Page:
Thus the present invention is highly effective in the preparation of semiconductor devices produced in accordance with extremely fine design rules to meet requirements for high performance, high integration and high reliability.
FIGS. 1a to 1c are schematic cross-sectional views showing an etching method of the present invention, step by step, where FIG. 1a shows the state of a wafer prior to etching, FIG. 1b shows the state in which native oxides on the surface of the Al-1%Si layer are just removed, and FIG. 1c shows the state in which anisotropic etching of the Al-1%Si layer and the barrier metal is just completed.
Referring to the drawings, the present invention will be explained in detail with reference to non-limitative Examples.
In the present Example 1, an Al-based material layer and a barrier metal layer are etched, with the use of S2 Cl2, after the native oxides on the surface of the Al-based material layer are removed with the use of BCl3. The process is explained by referring to FIGS. 1a to 1c.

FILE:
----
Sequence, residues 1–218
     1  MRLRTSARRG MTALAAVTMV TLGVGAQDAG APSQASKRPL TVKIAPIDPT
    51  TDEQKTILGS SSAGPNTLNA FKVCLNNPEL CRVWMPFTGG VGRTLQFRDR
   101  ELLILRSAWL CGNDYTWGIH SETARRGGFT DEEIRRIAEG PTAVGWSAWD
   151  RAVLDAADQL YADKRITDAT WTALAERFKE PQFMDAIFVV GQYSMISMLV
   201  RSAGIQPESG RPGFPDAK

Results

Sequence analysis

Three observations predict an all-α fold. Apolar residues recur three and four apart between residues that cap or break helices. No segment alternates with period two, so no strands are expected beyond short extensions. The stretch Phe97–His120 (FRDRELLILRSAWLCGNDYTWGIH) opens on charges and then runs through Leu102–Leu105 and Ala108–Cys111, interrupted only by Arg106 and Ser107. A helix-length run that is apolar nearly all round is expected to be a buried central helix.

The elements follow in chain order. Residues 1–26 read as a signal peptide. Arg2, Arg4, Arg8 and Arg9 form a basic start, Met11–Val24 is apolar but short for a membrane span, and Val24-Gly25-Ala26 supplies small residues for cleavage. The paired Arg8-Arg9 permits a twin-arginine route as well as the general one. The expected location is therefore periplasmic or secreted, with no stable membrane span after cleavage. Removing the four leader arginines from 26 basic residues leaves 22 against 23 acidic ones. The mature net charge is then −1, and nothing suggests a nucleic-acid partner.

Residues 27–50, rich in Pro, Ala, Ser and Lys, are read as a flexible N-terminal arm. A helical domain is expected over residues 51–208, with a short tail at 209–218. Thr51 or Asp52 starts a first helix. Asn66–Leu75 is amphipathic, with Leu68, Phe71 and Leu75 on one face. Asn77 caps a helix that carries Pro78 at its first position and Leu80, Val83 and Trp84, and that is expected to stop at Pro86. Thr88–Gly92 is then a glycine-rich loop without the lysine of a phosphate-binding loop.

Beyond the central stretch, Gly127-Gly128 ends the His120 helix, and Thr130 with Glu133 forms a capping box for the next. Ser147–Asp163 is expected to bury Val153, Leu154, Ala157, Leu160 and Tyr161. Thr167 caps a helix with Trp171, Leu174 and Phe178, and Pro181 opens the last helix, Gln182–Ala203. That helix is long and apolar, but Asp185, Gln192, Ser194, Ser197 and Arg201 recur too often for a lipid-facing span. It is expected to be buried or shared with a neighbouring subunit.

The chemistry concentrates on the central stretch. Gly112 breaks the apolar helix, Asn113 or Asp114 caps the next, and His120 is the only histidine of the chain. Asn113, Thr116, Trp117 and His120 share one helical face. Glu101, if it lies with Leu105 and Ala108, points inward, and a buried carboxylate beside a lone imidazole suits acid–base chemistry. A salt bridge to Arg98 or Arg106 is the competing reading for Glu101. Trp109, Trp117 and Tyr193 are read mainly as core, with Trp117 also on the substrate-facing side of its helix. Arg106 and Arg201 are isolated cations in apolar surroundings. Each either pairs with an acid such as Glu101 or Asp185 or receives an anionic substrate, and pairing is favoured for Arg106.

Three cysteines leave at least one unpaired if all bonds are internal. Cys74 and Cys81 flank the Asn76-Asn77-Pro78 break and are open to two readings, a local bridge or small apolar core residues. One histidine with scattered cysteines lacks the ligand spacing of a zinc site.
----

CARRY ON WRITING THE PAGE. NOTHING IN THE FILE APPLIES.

As shown in FIG. 1a, a wafer is provided, in which a first Ti layer 2, having a thickness of about 30 nm, a TiON layer 3, having a thickness of about 70 nm and a second Ti layer 4 having a thickness of about 30 nm are stacked in this order on an interlayer insulating film 1 formed of SiO2 to produce a barrier metal layer 5. On this barrier metal layer 5, an Al-1%Si layer 6 is formed by sputtering to a thickness of about 300 nm and finally a resist pattern 8 is formed on the Al-1%Si layer 6. A native oxide film 7 formed essentially of Al2 O3 is present on the surface of the Al-1%Si layer 6.
This wafer was set in a magnetically enhanced microwave plasma etcher and the native oxide film 7 was removed (by so-called breakthrough) under conditions of a BCl3 flow rate of 100 SCCM, a gas pressure of 2.1 Pa (16 mTorr), a microwave power of 800 W and an RF bias power of 50 W (2 MHz). During this process, the native oxide layer 7 was quickly removed, under the reducing action of BCl3, in a wafer region not masked by the resist pattern 8.
The etching conditions were changed to the S2 Cl2 flow rate of 160 SCCM, a gas pressure of 2.1 Pa (16 mTorr), a microwave power of 800 W and an RF bias power of 30 W (2 MHz) for etching the Al-1%Si layer 6 and the barrier metal layer 5. Since S2 Cl2 (melting point: -80° C.) is liquid at ambient temperature, it was introduced into the etching system after vaporization by bubbling with He.